What I heard
Two videos with sound: Searching – video 5 min 38 sec; Gasping – video 4 min 55 sec
As a visual storyteller my goal is to stimulate attitudinal change at a local level – which in turn will inspire action to respect and care for our planet and all living things within. Facts alone, unfortunately, do not move most people to embrace change. To motivate change, we need also to stimulate emotions. To change – you have to CARE. These two short films evolved last summer – the summer of extreme heat and unprecedented fires. The land and its animals were screaming. The consequences of human arrogance and greed were clear to all who listened.
I present two snapshots of what I heard in my backyard.
One backyard. One summer. One lens. This short film is a snapshot of the stress suffered by some of our native woodland birds in extreme heat. Both geographic and time focus are narrow: my backyard less than 30 square metres in north-east Victoria, on two days of the 2020 summer.
The provision of safe and accessible water in our small backyard draws in a surprising variety of species on days of extreme heat. GASPING features 20 species of woodland birds, many rarely seen or who mostly go unnoticed. Since European settlement approximately 80% of Australia’s temperate woodlands have been cleared. Already, at least one in five woodland bird species is deemed threatened. GASPING shows a simple way that humans can make a difference for our feathered friends at the local level. It also highlights the glaring fact that at national and global level not enough positive action is being taken.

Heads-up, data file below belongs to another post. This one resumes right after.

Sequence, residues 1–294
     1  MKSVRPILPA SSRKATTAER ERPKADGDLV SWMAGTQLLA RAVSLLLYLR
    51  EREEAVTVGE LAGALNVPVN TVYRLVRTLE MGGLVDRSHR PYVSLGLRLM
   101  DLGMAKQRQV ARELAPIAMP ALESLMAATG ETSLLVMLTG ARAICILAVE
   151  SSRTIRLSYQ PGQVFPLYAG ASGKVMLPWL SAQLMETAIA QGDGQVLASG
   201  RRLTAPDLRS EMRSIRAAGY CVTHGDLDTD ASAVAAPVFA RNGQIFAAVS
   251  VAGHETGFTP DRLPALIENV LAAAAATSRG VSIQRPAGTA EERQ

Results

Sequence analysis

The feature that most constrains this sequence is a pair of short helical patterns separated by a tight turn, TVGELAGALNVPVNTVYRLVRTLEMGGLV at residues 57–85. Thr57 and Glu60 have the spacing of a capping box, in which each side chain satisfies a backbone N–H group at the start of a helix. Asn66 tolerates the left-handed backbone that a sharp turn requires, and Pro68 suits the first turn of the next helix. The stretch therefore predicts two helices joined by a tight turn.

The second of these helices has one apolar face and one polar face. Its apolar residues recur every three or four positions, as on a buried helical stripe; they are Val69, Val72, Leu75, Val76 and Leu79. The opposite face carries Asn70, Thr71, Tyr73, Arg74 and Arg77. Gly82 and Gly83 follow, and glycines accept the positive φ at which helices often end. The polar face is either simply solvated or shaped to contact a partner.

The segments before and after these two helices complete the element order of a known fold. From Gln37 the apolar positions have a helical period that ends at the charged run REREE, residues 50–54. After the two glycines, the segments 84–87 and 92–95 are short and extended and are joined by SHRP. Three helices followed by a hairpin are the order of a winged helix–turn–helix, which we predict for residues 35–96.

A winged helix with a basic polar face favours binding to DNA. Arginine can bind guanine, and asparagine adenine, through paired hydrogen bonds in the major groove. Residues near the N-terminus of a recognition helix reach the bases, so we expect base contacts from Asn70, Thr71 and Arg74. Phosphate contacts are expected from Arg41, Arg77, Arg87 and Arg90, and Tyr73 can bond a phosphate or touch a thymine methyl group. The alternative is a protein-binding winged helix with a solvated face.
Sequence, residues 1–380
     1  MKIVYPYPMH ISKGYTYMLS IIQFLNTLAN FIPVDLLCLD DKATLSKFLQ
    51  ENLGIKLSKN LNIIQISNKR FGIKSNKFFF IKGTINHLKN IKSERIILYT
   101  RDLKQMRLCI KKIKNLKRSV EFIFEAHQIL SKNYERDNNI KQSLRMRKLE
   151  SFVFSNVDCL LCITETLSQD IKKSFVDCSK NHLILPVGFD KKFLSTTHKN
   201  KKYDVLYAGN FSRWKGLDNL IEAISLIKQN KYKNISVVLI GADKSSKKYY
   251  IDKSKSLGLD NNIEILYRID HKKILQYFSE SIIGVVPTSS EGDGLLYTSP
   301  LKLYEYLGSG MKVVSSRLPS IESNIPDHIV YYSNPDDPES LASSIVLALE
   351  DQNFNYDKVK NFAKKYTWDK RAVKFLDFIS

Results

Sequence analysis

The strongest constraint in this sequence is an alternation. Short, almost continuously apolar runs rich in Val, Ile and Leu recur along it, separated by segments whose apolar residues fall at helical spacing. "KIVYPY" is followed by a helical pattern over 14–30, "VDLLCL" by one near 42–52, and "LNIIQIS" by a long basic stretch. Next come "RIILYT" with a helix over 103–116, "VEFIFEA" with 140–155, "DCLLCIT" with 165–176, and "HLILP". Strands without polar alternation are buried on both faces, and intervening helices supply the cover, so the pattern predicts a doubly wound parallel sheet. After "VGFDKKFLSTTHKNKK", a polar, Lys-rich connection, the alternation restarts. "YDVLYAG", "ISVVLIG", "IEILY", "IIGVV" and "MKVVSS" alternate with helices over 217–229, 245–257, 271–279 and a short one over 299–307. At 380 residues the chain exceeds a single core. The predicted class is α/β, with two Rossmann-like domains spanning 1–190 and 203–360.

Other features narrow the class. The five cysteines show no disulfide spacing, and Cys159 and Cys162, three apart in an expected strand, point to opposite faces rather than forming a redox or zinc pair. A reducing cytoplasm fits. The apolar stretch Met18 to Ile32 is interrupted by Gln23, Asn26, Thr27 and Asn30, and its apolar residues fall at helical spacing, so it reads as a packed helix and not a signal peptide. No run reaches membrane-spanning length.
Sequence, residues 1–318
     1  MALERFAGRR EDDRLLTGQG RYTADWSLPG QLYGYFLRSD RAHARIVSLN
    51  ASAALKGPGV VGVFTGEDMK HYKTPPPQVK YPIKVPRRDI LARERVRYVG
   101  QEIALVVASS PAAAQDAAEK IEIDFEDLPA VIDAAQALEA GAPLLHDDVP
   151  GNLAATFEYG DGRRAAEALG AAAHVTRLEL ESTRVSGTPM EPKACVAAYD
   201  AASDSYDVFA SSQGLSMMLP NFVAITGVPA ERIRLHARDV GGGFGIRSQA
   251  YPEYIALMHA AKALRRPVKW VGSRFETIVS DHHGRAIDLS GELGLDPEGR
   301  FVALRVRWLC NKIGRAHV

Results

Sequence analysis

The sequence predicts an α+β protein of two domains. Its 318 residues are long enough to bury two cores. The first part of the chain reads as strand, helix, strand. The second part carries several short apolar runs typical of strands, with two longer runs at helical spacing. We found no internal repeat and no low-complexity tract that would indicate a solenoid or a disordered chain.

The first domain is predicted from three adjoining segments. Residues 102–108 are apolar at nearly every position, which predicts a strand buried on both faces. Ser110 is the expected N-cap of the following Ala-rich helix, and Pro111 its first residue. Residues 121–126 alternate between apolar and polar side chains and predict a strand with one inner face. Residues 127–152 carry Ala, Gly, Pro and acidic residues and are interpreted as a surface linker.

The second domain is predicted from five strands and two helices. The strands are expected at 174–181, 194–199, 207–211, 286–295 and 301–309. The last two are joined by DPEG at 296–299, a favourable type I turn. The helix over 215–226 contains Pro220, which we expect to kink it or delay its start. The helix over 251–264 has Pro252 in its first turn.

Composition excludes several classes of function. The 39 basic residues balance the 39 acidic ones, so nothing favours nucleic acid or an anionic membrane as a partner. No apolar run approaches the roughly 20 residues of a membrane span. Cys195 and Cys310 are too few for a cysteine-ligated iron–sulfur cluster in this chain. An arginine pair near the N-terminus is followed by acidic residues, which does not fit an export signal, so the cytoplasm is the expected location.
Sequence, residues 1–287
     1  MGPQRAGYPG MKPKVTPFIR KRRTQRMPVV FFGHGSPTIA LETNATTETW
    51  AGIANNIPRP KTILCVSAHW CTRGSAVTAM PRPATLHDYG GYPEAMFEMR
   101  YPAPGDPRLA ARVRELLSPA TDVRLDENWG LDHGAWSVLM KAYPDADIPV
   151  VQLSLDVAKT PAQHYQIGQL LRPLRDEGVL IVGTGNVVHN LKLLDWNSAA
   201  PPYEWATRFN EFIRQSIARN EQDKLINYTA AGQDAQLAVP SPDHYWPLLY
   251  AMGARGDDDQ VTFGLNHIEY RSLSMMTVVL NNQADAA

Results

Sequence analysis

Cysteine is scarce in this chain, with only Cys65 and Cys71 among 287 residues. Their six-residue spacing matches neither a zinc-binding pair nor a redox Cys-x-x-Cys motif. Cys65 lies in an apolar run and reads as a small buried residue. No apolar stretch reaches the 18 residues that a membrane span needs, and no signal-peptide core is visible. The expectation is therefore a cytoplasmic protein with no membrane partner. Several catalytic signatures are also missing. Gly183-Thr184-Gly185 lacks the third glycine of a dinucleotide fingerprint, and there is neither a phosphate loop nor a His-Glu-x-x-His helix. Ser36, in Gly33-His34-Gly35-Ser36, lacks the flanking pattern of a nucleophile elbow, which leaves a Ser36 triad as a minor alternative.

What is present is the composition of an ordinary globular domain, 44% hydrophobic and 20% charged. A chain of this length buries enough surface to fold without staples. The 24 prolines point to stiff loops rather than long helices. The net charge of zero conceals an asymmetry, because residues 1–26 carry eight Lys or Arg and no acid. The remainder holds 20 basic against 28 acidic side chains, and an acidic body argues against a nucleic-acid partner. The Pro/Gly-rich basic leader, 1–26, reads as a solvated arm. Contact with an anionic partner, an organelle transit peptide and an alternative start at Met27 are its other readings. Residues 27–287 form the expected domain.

SEARCHING is filmed in a small patch of nearby remnant bushland. It captures rare daylight footage of a nocturnal native species searching for a home. Tree hollows are homes for thousands of native birds, animals and reptiles. It takes more than 100 years for a tree hollow to form. It takes less than 10 minutes for a tree to be felled by humans. Land clearing and uncontrolled firewood collection are contributing to the rapid habitat loss for some of our most endangered species. We are not listening to the land. As representatives of the dominant species it is our responsibility to advocate and act for those who cannot speak or defend themselves.
Jan Osmotherly is an educator and curriculum writer across sectors. She has spent 20 years documenting and evaluating community arts, particularly Somebody’s Daughter Theatre Company. As a Community Education Consultant she has a focus on the local and rural and is particularly concerned with advocacy for the native environment. She is an amateur filmmaker employing visual storytelling to engage and motivate local action.